Archive for November, 2007

Chocolate and Nuts

Thursday, November 29th, 2007

A small packet of dry roasted Mauna Loa brand macadamias given to me by the studio manager has been sitting on my desk for the past 2 weeks.

Today, out of spontaneous hunger, I opened it.

It was like eating white chocolate macadamia cookies without the cookie and without the white chocolate.

I didn’t like it (despite my gorging of eating peanuts on planes). It felt like I was getting the part I disliked. The reject.

Because I never liked nuts.

There’s a chocolate covered nut piece from See’s candies sitting naked in my living room right now.

Parking in San Francisco Part I

Wednesday, November 28th, 2007

Finding a parking spot in San Francisco is like being in an unfaithful relationship.

You don’t ever want to leave. Because you know the moment you do, it will be taken.

At least there’s street cleaning once a week. So that you can revel in the satisfaction that you aren’t the only one left alone.

Entering a pseudo-connection

Tuesday, November 27th, 2007

If you’re about 15 minutes late to meet up with a friend for dinner, do you txt them? Do you call them? Or do you not communicate at all?

Or perhaps since you’re already known for always being late, you don’t need to do anything…

Christmas means robots!

Monday, November 26th, 2007

Anybody want a Pleo?

That green dinosaur thing???

Say hello to Pleo. From the guy who brought you Furby, it’s a snuffling, stretching, oddly convincing robotic dinosaur. You are so going to want one.

Unfortunately someone made a song.

But first will you buy me a pony?

For Christmas?!?!?!?!?!?!?!?

Tell me that you watch…

Sunday, November 25th, 2007

Onscreen, a closeup, unflinching shot of twentysomethings become entwined after they have a fight. Then the scene fades into two fortysomethings lying in bed almost divided by an invisible line, them pretending to sleep but only desperately hoping for the morning.

With On Demand in hand, my sister and I watched nearly the entire first season of HBO’s new series Tell Me You Love Me.

Based on various reviews, it seems that it hasn’t created a following. It’s a series of honest conversations between couples. A realistic look at the problems. Even though there’s a lot of gratuitous sex (since it’s HBO, there’s no wandering shot into black), unlike most TV shows, it doesn’t use it to sensationalize. (Unlike that sensual scene in the last Matrix that kept going and going…that I started wondering why I paid full price to see it in theater…)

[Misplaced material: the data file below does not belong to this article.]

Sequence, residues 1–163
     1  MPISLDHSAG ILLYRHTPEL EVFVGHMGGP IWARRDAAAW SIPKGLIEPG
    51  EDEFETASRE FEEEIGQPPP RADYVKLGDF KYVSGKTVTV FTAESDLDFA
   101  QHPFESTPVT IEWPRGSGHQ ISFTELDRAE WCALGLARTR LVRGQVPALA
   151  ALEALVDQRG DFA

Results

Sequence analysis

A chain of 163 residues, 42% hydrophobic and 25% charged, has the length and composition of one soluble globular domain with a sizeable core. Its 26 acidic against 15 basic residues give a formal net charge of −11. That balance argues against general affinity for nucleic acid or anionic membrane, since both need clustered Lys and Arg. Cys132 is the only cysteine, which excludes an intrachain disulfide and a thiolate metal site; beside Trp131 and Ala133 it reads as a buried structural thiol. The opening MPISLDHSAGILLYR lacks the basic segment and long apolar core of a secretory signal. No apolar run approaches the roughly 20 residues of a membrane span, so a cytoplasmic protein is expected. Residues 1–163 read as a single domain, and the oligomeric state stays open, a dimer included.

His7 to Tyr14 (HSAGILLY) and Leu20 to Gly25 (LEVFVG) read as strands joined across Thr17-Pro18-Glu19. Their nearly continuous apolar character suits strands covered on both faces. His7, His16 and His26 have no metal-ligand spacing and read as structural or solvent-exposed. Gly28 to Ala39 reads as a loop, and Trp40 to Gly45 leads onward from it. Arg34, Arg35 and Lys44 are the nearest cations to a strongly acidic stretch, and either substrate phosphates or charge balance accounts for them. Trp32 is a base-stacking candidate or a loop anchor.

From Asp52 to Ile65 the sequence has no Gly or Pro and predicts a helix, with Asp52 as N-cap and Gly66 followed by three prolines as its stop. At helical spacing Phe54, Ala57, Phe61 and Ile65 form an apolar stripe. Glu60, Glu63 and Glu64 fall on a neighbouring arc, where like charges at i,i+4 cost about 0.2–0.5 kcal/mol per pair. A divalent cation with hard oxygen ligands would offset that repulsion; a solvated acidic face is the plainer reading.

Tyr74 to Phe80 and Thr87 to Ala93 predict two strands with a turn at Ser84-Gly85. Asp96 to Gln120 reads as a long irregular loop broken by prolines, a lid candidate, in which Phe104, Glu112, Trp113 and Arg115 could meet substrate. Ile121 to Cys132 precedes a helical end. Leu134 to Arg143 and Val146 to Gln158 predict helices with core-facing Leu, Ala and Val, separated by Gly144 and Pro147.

Three couples with separate issues see a therapist for their individual concerns. We watch the three couples (a twentysomething dealing with monogamy, a thirtysomething with infertility and a fortysomething with losing their identity as sexual beings) and the therapist’s significant other. Although everyone on the show is Caucasian and perhaps better-than-average attractive, it’s not to distract the viewer from the content of the show.

It’s nice to hear the halting speech, the attempts to clear the air during the argument. Or the intensity of someone’s anger and tragedy. A desire to communicate the need, but the inability to do so. In some way, it’s not entertainment, but it’s a I hope I won’t be them, but I’ll learn how not to be them.

The parents are touring

Saturday, November 24th, 2007

Although my sister and I traditionally have afternoon tea during thanksgiving weekend, this year because our parents insisted that they spend quality time with us, we invited them along on our adventure through San Francisco.

I was a little wary at first. Knowing that my parents are getting older. Could their energy be equivalent to what we found interesting? Or at least would the things I found interesting be as interesting to them?

Although we have lived in the Bay Area forever, they never really knew San Francisco the way I did. At least…the way I knew it now. They know chinatown and the golden gate bridge. And fisherman’s wharf, but not so much else.

And so thus the rapid tour of places we went to.

(gotta love the pre-designy illustrator map!)

I planned this all yesterday in 5 minutes. And so we got out of the house around 10:30 am with a quick stop in Oakland Chinatown so that my mom could drop off her library books and then head toward the tollbooth…

1. Brunch/Lunch @ Modern Tea in Hayes Valley

2. A short walk around Hayes Valley where we kept running into strollers and pets.

3. Shoes and clothes…and expensive organic foods at the farmer’s market around 24th in Noe Valley